Dr. Tiffany Jones, owner and president of X-Factor Performance Consulting Group, Sports and Performance Psychology Consultancy, spoke at Kingswood Oxford on March 9 as the most recent Stroud Science Symposium Speaker. Jones spoke to students about using biofeedback to understand anxiety and to manage one’s mental state. Her presentation illustrated the impact of brain chemistry and actions and proof of the mind/body connection. Jones works closely with Division I athletes on a variety of issues, addressing mental toughness, managing emotions and anxiety, decreasing negative thoughts, returning from injury, motivation, controlling the "controllables," coaching the millennial generation, incorporating brain endurance training, and developing effective communication between coaches and athletes.
Out of the gate, Jones leveled with the audience. “You get a lot of feedback on your millennial generation, I know. I am not up here to tell you what you are doing wrong,” she said. “It is about explaining behavior because if we can explain behavior we can make different choices if we want to.”
The statistics of technology use linked to this of this generation, coined Generation Z, are indeed staggering. On average, they spend six to eight hours a day on their phones and text at least 60 times a day. Overall, they are on technology up to 13 hours a day.
“Your generation is a scary one, said Jones. “A perfectionist generation. You compare yourselves to that which you see on social media. You just see the happy. It is easy to get FOMO (fear of missing out).” In fact, Jones reports that social perfectionism has increased by 33% since 1989. Ultimately this has led to higher levels of depression, anxiety, suicide, loneliness and disordered eating.
Through her research, Jones has identified characteristics of extensive technology use that impacts other areas of students’ lives. She explains that young people have little concept of delayed gratification, and simple things like eye contact and authentic relationships are non- existent. “You are the most communicative generation of all times, but yet you are not conversing. A lot of you have people you communicate with all day, but you don’t have a lot of genuine relationships. The two are not the same,” she said.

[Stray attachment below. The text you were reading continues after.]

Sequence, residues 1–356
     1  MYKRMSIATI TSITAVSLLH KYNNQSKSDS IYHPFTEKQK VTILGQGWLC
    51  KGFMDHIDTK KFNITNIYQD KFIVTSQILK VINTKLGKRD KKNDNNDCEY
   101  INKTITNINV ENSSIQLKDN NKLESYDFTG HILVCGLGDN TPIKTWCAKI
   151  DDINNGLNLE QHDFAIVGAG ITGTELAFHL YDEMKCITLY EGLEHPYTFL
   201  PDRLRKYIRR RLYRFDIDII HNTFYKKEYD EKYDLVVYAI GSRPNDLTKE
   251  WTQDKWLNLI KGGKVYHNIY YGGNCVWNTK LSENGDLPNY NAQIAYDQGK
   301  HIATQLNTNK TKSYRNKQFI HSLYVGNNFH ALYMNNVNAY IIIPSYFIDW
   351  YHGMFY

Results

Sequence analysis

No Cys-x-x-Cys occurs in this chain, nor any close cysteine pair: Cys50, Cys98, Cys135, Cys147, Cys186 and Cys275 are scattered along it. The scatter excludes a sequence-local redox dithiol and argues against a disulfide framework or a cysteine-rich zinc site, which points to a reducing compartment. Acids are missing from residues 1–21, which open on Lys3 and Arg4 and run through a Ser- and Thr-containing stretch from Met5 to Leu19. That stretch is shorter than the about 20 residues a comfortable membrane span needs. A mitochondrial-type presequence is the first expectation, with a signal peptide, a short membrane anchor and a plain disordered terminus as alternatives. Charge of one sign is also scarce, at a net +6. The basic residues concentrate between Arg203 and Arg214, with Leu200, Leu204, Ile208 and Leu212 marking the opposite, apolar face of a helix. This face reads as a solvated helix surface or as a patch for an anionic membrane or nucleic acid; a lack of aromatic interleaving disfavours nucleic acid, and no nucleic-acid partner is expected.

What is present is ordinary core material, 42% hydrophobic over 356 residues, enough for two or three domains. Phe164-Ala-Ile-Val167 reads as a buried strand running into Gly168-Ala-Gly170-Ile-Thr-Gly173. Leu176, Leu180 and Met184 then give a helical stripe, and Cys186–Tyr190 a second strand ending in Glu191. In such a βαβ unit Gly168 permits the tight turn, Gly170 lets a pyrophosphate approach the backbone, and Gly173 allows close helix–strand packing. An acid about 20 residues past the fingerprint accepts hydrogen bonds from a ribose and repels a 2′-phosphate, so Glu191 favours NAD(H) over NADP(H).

So what does this mean? Jones suggests that technology is stunting brain growth and delaying the prefrontal cortex development up to six years. This translates into 18-22-year-olds with the decision making ability of 12-16-year-olds. That muscle simply hasn’t been worked as much as it should be to keep up. Subsequently, things like adaptation and flexibility of thought become inhibited, and there is a lack of self-assessment and reflection.
And, perhaps the million dollar question is - how can this scary but brave new world be combated? Jones explains that physiology begins with something very basic but essential: thinking and thoughts. Physiology and thoughts impact behavior and performance, and therefore, the mind/body connection exists. She brought a brave volunteer up on stage, attached a heart rate monitor, and took him through a series of exercises including prompts that would make anyone sweat, including relationships, grades, and college. The audience could see when he entered green zone (calm chill), the blue zone (optimal for test taking, calm but focused) and the red zone (stressed, frenzied). When her volunteer worked to control his thoughts, he was able to keep his heart rate at a consistent, calm pace. Admittedly, when asked what he was doing differently from when his heart rate had rocketed seconds before he said, “I am focusing on how I feel and what I am thinking.”